Tomatoes are the stars of the X-factor

There are almost as many recipes for tomato sauce as there are cooks. Some call for a pinch of sugar, some do not. Depending on how the sauce is to be used, some pass it through a sieve, others leave it chunky.

In my experience, I have struggled to ­produce the same tomato sauce ­consistently, perhaps because of the many different varieties of tomatoes available, or the difference in brands when using the canned stuff.

British chef Heston Blumenthal was awarded an honorary doctor of science degree for his simple but profound discovery that the outer flesh of a tomato is not as tasty as the inner flesh.

Art and science
Blumenthal, in his quest for the perfect pizza Margherita, cuts blanched and peeled vine tomatoes into eighths and places them in a sieve over a bowl. He salts them and collects five or six tablespoons of juice and then cooks it all together in a pressure cooker for 12 minutes. The sauce is left to cool and then put back on the heat and cooked for another 10 or 15 minutes until very little ­liquid is left.

He leaves the sauce to cool and adds vine stems, which, he says, “contain a lot of that wonderful fresh tomato smell” and will permeate the sauce.

The River Café, the famous Italian restaurant on the Thames in London, has a quick tomato sauce: three garlic cloves are fried in olive oil until they are brown, two tins of canned tomatoes are added and cooked for 15 minutes on high heat. Finally a single tablespoon of basil leaves is added with more olive oil, salt and pepper.

The great Italian cookbook Silver Spoon suggests heating two tablespoons of olive oil, adding 550g of tomatoes (tinned or fresh), a large pinch of sugar, two more garlic cloves, 10 fresh and torn basil leaves and a pinch of salt. This is cooked over a medium heat for half an hour. The tomatoes and garlic are mashed with a wooden spoon and the sauce is passed through a sieve.

The same book’s recipe for a quick tomato sauce is similar to the River Cafe’s but uses parsley instead of basil. This is discarded, along with the garlic, after 10 minutes. The sauce is poured directly on to drained, hot pasta and there is an admonition not to sprinkle with grated Parmesan, which in my book sounds just like an invitation to break the rule.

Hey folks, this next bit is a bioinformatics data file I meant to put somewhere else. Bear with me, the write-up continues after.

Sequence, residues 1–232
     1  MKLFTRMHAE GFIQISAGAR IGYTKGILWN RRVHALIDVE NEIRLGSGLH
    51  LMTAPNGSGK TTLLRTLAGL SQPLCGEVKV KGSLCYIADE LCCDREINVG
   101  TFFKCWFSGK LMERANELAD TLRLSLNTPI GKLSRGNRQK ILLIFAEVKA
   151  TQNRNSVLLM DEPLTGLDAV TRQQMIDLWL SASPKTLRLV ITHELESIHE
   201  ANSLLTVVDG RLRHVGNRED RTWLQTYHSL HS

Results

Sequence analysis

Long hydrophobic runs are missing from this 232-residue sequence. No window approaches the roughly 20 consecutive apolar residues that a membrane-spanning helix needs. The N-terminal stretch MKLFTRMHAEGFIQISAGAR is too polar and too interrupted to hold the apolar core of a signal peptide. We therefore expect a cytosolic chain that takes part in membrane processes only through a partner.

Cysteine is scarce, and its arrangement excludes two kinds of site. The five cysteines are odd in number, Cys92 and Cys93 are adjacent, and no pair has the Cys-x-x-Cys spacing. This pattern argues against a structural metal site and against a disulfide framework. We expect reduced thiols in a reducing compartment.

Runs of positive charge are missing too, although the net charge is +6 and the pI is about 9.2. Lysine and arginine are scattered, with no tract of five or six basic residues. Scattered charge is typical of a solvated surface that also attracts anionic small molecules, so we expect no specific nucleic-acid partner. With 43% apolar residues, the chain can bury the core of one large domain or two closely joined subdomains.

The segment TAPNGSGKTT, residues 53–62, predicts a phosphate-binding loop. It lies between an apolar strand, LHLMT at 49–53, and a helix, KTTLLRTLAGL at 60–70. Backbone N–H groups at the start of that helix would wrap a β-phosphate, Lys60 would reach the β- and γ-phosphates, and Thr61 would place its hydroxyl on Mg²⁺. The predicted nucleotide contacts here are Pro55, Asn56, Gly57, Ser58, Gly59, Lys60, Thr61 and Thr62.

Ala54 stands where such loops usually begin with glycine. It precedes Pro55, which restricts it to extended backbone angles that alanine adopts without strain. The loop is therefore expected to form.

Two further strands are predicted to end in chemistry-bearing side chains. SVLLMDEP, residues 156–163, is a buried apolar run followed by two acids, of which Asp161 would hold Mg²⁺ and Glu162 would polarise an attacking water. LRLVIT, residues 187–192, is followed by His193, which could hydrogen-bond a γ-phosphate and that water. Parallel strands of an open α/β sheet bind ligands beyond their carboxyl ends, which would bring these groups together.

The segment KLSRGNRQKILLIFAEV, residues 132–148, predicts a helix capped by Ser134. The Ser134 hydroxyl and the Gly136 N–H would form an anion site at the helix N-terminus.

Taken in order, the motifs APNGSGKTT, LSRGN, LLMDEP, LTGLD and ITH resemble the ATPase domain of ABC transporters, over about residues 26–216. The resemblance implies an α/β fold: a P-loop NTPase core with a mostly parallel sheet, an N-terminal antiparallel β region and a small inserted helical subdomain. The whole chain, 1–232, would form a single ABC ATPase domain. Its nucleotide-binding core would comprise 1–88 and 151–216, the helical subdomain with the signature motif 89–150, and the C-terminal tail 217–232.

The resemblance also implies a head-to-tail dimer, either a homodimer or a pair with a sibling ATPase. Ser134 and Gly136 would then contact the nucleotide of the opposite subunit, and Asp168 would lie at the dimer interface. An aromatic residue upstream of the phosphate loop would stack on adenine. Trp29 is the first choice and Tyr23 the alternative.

Classic combinations
For his sauce, Spanish chef Ferran Adria adds bunches of basil at the end of the process. He fries whole cloves of garlic for a few seconds and then adds chopped onion. This is cooked for five minutes, after which tinned chopped tomatoes or passata are added, followed by salt, pepper and sugar. The sauce is passed through a sieve and reheated, after which basil leaves and their stalks are added. The sauce is served with spaghetti and extra-virgin olive oil, grated Parmesan and the smallest basil leaves.

In South African herbalist ­Margaret Roberts’s home-made tomato sauce finely chopped onions are fried over high heat until they are golden brown. She then adds chopped skinned tomatoes, chopped green peppers, crushed coriander seeds, salt, pepper and soft brown sugar. This is stirred while cooking for 15 minutes, then lemon juice is added with lemon zest, chopped basil, chopped flat-leaf parsley and four tablespoons of home-made ­apricot jam.

I wondered, would that still need the sugar? I posed this question to Valeria and Dante Bollini, proprietors of the acclaimed Tortellini d’Oro restaurant in Oaklands, Johannesburg.

“Sacrilege,” said Dante, with a withering look.

Secret ingredient
The worldwide appreciation of tomatoes has been explained by ­scientists who use the Japanese word umami (translated as ­”delicious taste”) to describe the mysterious X-factor that keeps us eating the versatile fruit. According to the Umami Information Centre ­website, “tomatoes contain high levels of the umami provider, glutamic acid and, as the fruit ripens, these levels increase”.

The umami phenomenon was ­discovered by Professor Kikunae Ikeda of the University of Tokyo in 1908 when he identified brown ­crystals that remained after the evaporation of kombu broth.

These were subsequently named glutamic acid. Ikeda went on to market this as the controversial food additive, ­monosodium glutamate.

However, if a rich tomato sauce is cooked properly, it certainly does not need an ­artificial boost of the umami flavour.

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